Crystal ball time as we look forward to web design trends that are likely to dominate in 2020.
We looked at some of the best articles and distilled it into our own list:
#1 Dark mode
This is already an option on phones so will be familiar to most users. It has the benefit of being easy on the eye for graphical elements, CTAs and other features. It is already often used on photographer or graphic artists as it provides a less intrusive backdrop for photographs, videos or illustrations.
#2 Patterns in web design
While readability is key, the use of subtle backgrounds and patterns is making a comeback.
There’s a growing trend of having custom, detailed, and well-executed illustrations grace websites recently.
Having a consistent style and colour scheme is important.
#4 Grid layouts
Most websites are designed on an invisible grid system that helps keep items on the page organized and in-line. In 2020, these grids are likely to become more visually dominant and used as the primary design aesthetic, clearly inspired by the popular “card” design trend.
Frames for Future’s site is a great example of using the grid as a design aesthetic rather than just a design tool.
Text rather than ilustrations will do some of the heavy lifting with regard to communication and illustrations. Large fonts, outline fonts and unusual fonts will be used as part of the page layouts and design.
Redscout also uses a large outlined font as part of their web design aesthetic, combining animation to pull out the “fill” of the letters leaving just the outline behind when you scroll down the page.
#6 Sophisticated micro-interactions
Micro-interactions have been around for years and are characterised by areas of a page that change as a result of user interaction without leaving the page. These could be a hotel website showing room availability or a sports venue website showing seat availability.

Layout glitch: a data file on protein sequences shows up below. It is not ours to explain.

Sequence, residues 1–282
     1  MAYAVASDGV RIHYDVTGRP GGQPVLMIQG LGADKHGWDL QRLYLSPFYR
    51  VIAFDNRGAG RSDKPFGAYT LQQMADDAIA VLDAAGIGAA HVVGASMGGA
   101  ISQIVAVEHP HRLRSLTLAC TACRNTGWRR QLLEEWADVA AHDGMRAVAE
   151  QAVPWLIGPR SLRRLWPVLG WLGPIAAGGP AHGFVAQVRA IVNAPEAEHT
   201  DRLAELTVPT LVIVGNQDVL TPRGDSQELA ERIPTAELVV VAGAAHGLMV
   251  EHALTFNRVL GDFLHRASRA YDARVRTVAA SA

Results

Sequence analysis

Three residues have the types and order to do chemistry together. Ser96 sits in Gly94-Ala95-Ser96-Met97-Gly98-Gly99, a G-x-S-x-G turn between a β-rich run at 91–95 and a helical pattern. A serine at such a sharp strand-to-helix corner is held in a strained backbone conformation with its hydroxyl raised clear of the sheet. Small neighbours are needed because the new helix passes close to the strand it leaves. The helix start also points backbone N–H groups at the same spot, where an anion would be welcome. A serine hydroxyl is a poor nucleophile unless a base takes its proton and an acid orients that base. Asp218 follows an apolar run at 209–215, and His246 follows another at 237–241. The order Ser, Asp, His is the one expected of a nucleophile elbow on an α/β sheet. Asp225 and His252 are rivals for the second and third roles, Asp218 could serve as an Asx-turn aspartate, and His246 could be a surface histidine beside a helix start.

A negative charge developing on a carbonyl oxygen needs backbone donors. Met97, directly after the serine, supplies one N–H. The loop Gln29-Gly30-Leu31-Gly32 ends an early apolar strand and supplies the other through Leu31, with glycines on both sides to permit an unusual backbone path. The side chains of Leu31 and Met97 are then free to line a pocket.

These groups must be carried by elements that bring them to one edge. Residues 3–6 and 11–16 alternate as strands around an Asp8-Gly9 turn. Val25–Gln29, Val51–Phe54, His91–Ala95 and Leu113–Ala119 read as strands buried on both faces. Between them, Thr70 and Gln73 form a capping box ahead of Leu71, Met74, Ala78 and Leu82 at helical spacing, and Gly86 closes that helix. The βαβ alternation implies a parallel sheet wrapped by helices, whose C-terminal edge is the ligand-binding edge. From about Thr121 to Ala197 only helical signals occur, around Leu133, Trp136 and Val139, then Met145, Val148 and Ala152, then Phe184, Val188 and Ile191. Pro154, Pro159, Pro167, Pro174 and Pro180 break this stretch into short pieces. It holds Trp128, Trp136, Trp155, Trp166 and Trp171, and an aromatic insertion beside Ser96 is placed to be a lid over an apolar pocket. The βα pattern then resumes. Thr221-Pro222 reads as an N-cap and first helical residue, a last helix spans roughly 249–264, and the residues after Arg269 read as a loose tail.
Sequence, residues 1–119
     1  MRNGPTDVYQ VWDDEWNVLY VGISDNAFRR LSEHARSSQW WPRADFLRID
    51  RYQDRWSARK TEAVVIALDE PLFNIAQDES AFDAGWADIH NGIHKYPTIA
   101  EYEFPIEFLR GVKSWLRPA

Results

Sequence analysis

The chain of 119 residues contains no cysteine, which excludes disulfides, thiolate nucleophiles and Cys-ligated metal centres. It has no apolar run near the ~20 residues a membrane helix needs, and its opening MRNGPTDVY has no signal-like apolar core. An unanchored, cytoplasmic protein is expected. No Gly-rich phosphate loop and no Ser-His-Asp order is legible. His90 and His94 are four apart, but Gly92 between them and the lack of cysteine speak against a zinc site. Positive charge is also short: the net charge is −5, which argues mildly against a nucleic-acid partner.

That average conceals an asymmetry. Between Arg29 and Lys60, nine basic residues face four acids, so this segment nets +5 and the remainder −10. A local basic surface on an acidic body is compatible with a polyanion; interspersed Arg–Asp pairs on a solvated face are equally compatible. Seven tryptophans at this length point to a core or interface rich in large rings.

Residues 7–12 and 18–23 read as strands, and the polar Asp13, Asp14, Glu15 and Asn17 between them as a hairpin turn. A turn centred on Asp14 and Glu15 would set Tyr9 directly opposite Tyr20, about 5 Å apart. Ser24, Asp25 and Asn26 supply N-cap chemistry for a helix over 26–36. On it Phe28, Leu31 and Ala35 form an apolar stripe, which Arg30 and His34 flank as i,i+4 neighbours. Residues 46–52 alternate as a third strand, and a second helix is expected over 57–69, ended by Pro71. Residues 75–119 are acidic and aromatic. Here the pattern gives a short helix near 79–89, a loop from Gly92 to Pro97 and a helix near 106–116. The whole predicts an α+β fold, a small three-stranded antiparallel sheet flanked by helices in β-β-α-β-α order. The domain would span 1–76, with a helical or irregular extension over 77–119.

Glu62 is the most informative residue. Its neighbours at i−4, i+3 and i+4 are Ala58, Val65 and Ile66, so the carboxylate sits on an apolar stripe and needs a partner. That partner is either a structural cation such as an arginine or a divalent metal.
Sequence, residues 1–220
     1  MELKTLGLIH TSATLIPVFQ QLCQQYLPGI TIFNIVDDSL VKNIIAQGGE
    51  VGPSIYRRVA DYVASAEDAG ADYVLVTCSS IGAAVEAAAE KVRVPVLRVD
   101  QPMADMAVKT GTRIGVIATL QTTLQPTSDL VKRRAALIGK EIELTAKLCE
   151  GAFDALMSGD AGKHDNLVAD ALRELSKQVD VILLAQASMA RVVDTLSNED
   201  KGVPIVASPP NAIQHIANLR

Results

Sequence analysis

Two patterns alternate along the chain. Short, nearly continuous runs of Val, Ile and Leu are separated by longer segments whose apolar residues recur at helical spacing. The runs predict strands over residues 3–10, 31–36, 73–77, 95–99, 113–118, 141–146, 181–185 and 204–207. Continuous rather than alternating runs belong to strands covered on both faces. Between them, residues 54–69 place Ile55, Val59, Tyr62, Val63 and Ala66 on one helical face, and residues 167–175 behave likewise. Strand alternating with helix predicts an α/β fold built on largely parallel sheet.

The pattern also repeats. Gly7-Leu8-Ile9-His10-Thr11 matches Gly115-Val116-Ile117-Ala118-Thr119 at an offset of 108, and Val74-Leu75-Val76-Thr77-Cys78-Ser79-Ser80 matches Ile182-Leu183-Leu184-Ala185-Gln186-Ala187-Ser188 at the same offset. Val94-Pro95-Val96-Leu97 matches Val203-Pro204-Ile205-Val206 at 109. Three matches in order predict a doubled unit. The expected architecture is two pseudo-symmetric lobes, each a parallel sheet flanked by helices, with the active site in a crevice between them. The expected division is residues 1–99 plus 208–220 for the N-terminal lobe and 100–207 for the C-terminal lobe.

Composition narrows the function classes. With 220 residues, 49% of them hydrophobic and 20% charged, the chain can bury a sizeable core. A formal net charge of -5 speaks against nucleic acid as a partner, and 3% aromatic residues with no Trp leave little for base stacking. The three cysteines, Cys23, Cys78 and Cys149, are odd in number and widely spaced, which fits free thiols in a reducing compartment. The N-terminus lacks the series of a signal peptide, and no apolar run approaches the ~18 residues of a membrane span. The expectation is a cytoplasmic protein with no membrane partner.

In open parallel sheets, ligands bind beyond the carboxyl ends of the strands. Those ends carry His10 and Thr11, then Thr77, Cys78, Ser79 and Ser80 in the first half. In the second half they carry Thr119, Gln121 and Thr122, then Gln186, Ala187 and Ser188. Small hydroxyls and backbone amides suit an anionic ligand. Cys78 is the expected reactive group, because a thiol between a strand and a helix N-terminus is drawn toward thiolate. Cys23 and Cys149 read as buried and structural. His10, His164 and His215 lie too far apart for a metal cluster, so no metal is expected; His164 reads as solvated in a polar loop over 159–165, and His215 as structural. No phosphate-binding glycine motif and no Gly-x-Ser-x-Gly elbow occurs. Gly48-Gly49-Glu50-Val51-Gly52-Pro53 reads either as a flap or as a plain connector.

Lee Poynter, global head of design at Crowd, believes they’re going to become a bigger deal in 2020. “Micro-interactions and micro-animations are going to become more sophisticated until they become part of everyone’s interactivity,” he predicts. “They are a way to signpost, feedback and ensure trust.”
#7 Portrait images
The widespread use of multiple devices such as smartphones, laptops and tablets means that images must work portrait as well as landscape.
“I’ve noticed a real increase in the use of portrait imagery in desktop experiences this year,” says Jake Young, senior digital designer at Mad River. “This is only going to become more prevalent as more and more people view content on their phones.”
This trend is bigger than a case of lazy mobile-first designers with portrait crops scaling up to desktop, he adds; nor is it confined to the common 4:5 ratio.
#8 More minimalism
Minimalism is ultimately about providing an easier and better experience for the user, and that’s just as much about functionality as it is aesthetics.
Alex Schleifer, chief design officer at Airbnb, believes that’s going to see big strides in 2020. “We’ll become accustomed to very low-friction, or zero-friction interfaces when it comes to things like sign-ups and payments,” he predicts. “One-tap registration and instant payments will become the norm, while entering credit card numbers and passwords will start to feel archaic.” We’re looking forward to that!
While design is important, it is only a means to view and present content.